Simple dual-wavelength fiber laser setup measures large step heights

Researchers have developed a simple dual-wavelength fiber-laser setup that uses only a single ring cavity.

When the output of a laser is reflected by an external mirror back into the laser cavity, self-mixing interference (SMI) occurs within the laser-a phenomenon that can be used to measure the position of the external mirror to interferometrically high precision using a very simple setup. However, just as occurs with conventional single-wavelength interferometers, phase ambiguity for single-wavelength SMI limits the maximum measurement range to a distance of a half wavelength (λ/2). Phase ambiguity can be eliminated over a relatively large range by using two wavelengths instead of one. Researchers at Beijing Jiaotong University (Beijing, China) have developed a simple dual-wavelength fiber-laser setup for just this purpose that uses only a single ring cavity. The setup can measure a step height of up to 2 mm with a measurement standard deviation of 2.5 nm.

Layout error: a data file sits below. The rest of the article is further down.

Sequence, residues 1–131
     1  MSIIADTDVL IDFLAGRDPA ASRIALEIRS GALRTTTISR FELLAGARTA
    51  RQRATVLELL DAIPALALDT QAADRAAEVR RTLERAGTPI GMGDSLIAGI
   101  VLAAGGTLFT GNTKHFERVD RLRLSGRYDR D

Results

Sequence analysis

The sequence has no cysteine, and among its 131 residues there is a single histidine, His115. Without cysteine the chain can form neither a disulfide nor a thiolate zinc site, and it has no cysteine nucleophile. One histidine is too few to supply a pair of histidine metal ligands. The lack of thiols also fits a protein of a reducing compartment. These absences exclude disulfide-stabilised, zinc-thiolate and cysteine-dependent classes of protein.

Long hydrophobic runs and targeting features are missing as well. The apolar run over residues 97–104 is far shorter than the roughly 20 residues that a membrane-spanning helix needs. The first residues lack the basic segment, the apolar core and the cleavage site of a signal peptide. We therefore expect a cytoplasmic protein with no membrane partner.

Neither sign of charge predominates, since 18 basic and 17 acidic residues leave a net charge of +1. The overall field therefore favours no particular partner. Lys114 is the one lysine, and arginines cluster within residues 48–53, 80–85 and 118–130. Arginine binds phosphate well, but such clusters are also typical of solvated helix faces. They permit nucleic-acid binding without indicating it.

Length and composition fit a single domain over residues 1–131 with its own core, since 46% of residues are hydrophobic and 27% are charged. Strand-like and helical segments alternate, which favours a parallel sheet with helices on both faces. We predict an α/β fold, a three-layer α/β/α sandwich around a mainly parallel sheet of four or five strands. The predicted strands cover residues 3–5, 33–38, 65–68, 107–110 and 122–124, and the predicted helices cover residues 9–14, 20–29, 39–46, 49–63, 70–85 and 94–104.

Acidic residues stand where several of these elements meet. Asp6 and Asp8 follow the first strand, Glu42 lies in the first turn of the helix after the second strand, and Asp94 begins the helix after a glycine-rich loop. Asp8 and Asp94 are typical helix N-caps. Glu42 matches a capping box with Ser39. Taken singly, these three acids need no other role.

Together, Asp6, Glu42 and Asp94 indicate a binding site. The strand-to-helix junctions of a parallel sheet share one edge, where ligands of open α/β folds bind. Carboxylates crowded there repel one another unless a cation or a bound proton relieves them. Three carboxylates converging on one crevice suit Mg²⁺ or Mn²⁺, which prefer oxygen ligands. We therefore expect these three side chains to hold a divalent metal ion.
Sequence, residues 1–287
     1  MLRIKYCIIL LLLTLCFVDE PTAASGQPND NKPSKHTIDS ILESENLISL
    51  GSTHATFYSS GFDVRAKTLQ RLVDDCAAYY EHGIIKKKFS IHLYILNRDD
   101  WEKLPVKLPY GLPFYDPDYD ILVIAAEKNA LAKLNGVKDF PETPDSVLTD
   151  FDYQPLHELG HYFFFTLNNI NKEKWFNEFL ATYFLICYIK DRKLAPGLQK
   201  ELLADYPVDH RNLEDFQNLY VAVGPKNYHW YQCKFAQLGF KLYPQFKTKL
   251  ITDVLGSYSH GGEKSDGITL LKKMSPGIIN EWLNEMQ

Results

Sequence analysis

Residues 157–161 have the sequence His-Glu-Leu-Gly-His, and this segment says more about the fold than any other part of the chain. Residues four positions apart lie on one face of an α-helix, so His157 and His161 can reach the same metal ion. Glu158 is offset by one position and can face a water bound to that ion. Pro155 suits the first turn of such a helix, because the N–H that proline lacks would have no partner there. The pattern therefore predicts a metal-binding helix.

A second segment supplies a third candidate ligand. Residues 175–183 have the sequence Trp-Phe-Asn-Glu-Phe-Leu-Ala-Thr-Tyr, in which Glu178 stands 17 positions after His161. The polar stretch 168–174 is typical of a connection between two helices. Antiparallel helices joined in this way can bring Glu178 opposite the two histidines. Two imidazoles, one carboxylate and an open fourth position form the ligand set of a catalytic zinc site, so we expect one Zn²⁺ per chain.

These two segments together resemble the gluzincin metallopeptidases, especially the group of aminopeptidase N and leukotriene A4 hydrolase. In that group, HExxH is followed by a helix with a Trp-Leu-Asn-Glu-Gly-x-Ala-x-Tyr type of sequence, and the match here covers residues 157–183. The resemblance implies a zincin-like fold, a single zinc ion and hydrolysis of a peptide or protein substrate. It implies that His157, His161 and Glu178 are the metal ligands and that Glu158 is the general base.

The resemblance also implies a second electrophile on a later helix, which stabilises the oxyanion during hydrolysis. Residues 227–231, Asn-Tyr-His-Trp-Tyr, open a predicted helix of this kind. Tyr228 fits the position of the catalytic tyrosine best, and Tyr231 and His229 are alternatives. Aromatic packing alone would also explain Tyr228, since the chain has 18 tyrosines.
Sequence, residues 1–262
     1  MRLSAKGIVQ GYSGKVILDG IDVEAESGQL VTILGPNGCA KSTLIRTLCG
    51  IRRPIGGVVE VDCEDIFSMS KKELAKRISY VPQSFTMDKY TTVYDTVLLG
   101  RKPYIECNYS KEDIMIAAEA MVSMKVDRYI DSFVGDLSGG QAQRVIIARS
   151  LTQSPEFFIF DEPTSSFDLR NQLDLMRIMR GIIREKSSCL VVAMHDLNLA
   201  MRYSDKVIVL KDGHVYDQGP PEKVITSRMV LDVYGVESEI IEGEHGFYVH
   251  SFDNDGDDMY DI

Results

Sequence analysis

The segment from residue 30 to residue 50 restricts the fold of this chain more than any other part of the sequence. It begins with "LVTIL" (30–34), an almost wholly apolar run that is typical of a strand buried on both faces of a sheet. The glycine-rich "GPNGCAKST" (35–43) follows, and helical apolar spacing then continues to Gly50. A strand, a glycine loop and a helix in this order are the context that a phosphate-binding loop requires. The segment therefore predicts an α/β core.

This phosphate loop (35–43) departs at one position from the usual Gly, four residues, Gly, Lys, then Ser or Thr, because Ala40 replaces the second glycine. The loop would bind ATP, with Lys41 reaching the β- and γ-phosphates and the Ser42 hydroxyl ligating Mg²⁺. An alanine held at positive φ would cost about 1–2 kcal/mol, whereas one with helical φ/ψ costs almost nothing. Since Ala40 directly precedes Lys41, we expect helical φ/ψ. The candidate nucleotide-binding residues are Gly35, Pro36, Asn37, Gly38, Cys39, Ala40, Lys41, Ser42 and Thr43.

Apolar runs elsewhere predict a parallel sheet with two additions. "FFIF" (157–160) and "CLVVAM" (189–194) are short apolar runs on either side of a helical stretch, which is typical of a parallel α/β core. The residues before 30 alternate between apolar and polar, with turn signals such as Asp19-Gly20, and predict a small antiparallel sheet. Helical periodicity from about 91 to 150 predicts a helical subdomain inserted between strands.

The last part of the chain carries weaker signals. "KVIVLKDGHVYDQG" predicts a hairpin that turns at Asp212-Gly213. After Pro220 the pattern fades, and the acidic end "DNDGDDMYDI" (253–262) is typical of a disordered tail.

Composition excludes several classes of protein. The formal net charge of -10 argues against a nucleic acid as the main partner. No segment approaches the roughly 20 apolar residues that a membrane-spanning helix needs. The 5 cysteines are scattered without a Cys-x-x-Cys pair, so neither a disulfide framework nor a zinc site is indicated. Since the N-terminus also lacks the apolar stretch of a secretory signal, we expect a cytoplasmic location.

In the laser setup, a light source with a 980 nm wavelength and a 320 mW output is split into two beams, each of which is passed through a different wavelength division multiplexer (WDM), a length of erbium-doped fiber (EDF), and a fiber Bragg grating (FBG) that reflects light back at the Bragg wavelength. Each of the two FBGs has a slightly different Bragg wavelength (1549.952 nm for FBG1 and 1552.044 nm for FBG2). With the two lengths coupled together into a fiber ring cavity, an isolator in the ring forces the light to transmit in one direction in the ring to excite the fiber laser. The design ensures that, no matter how close the two wavelengths are to each other, no laser mode competition occurs between them, according to the researchers. A second circulator is added to the setup to measure distance unambiguously. Reference: L. Dong et al., Opt. Express (Sept. 12, 2016);

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